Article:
With sweeping views of the azure waters below, this family home elevates outdoor living to an art form in BVI.
Words by Erin Burke. Photography by Don Hebert.
Imagine panoramic ocean views so broad in scale that the bend in the Earth is the terminus. Surrealism flirting with the ethereal, it is a technicolour dream. Such is Tingalayo, a place as playful and innocent as the donkey from the famed Caribbean children’s song for which it is named. “I wanted a unique name no one had ever used,” explains Simon Ball, owner. “It’s a laugh. And my wife and kids love it.”
Comfortably reposed 300-feet below Sage Mountain, the highest point on Tortola, British Virgin Islands (BVI), this idyllic, seemingly small village is, in fact, a six-bedroom, six-bathroom palatial residence – a labour of love that bespeaks nature as its primary inspiration for being. Resplendent in its simplicity, it is the physical manifestation of an ethos often associated with the Caribbean: to live the good life; to master your own destiny, albeit while enjoying all the comforts life can offer.
Born from the imagination, personality and architectural savvy of its husband-and-wife owners, they enlisted the help of Michael Helm, owner of CAL architects, and interior designer, Matthew Collins, to help create an inimitable domicile divined by their collective heart and soul.
Ten years in the making, the property’s organic evolution resulted in six separate structures, four of which are primary living spaces: the Great House, Guest House, Flamingo Pink Media Room and Master Bedroom Suite. Spanning almost four acres, each villa is unique, but shares the singular outdoor living concept that most closely defines Tingalayo. “You can either seal yourself off or live and participate with nature. We are trying to connect with what is around us,” states Ball.
Both the architecture and interior décor are influenced by a mélange of cultures and the family’s peripatetic lifestyle that has included stints living around the globe. Attitudes from Asia, Europe and the Caribbean meld to create a home replete with functional modern style and luxury, warmth and nuances characteristic of the owners and their children. “There is a sense of freedom in expressing yourself without setting a trend. We did what we felt we wanted as a family,” explains Ball.
While the architecture uses clean, minimalist lines with exposed wooden beam ceilings as high as 40-feet, cement floors and purple heart teak decks and sitting areas, the uncompromising quality lies in the details. Handmade tiles from Morocco, Spain and Italy are used in the kitchens, bathrooms, dining areas and even the outdoor garden faucets, lending the abode a barefoot elegance, while washbasins and hardware, designed by the renowned Philippe Starck, add touches of subtle modern elegance.
Striving for exceptional simple yet sophisticated quality, the aim was absolute kick-up-your-feet comfort without appearing ostentatious. Hence the well-equipped kitchens where no expense was spared incorporating Viking cookers, Italian granite countertops, natural ivory-coloured stone tiles and designer track lighting.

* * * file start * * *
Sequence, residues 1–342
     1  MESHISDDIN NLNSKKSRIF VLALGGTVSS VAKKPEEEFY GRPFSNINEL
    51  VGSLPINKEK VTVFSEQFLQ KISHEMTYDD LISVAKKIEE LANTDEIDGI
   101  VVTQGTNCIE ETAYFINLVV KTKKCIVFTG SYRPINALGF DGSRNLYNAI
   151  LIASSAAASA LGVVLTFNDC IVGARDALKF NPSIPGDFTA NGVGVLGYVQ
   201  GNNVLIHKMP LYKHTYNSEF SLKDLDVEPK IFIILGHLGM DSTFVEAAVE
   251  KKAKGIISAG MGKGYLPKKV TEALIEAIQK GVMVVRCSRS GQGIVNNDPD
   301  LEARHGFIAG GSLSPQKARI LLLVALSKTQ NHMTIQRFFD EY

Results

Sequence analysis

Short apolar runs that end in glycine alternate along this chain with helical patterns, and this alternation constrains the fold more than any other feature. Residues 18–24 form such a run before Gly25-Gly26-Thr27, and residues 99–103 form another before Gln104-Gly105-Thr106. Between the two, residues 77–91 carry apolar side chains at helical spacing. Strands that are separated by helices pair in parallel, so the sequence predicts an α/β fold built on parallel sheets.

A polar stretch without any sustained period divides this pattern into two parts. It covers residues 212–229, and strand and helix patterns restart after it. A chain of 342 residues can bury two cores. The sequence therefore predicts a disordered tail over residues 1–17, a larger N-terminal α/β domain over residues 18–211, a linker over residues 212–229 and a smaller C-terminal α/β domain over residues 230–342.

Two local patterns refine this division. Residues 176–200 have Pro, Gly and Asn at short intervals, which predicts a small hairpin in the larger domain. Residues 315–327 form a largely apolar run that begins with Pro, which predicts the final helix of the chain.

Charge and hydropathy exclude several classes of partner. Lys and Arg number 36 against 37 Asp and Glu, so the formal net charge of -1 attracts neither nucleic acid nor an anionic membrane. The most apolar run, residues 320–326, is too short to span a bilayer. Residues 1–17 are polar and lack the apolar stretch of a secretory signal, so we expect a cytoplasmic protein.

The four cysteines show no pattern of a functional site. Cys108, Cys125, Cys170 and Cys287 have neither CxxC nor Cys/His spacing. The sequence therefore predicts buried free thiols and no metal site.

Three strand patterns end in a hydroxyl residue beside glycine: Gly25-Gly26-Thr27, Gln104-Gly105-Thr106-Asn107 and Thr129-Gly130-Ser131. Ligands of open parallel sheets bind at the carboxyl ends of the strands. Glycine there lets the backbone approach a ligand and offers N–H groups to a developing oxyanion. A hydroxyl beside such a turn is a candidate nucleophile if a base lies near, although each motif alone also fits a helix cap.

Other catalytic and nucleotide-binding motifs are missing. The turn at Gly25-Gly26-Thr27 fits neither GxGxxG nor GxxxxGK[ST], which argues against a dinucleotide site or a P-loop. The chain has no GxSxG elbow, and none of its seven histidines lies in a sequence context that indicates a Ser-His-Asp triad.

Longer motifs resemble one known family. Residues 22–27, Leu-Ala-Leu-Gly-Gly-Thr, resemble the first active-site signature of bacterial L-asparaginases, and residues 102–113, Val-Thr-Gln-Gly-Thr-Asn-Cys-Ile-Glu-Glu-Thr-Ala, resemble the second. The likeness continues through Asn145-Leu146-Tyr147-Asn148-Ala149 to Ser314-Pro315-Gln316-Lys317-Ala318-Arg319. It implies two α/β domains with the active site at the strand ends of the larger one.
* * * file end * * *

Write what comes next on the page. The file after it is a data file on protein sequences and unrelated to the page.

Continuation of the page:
"You can either seal yourself off or live and participate with nature. We are trying to connect with what is around us...”
And while the Great House is considered the grand communal complex, it certainly has a contender for the title of ‘focal point.’ Mere steps below lies a suspended, 45-foot wide, salt-water infinity pool with an undulating design that mimics the curves of a bay. Cleverly incorporated into the overall layout, its presence enraptures the imagination as the precipice merges with the horizon to create an illusion for the senses – a blissful interruption of space and time where the glass tiles lining the edge sparkle like the sea below. Views of Soper’s Hole, the U.S. and British Virgin Islands, Jost van Dyke, Apple Bay and on a clear day, Puerto Rico, help create a sense of unfettered freedom.
Strolling through the labyrinth of coral stone paths and steps that wind through ambrosial gardens designed to conjoin structure and nature, Tingalayo teems with life. This symbiotic infrastructure is abundant with ginger flowers; pink, purple and white bougainvillea; palm trees; banana, plantain, bread fruit and mango trees – the list of tropical flora goes on.
Marking the culmination of discovery, however, is a wooden staircase leading up and away to the literal and figurative pinnacle of Tingalayo – a six-foot, three-ton Balinese Buddha that required a year to ship, ten men and a military-grade truck to mount. As Ball explains, “It seemed the right thing to do. The stone Buddha is simple, not ornate, like our house and the life we are striving to live.”
To identify all that is special about Tingalayo is like capturing lightning in a bottle. Rather, the experience is a climax of clever details. It is the Caribbean animals etched on sconces; the unexpected accent décor dotted around the dwelling; the brightly painted walls exuding Caribbean warmth; the fuschia flower pots in the courtyard; the outdoor shower with a floor constructed of sea pebbles gathered by the owners’ children from Cappoons Bay. Here, it is the expectation of inevitable new discoveries, where one reconnects with forgotten enthusiasms, enjoyed with a relish for life that is often only summoned in childhood.
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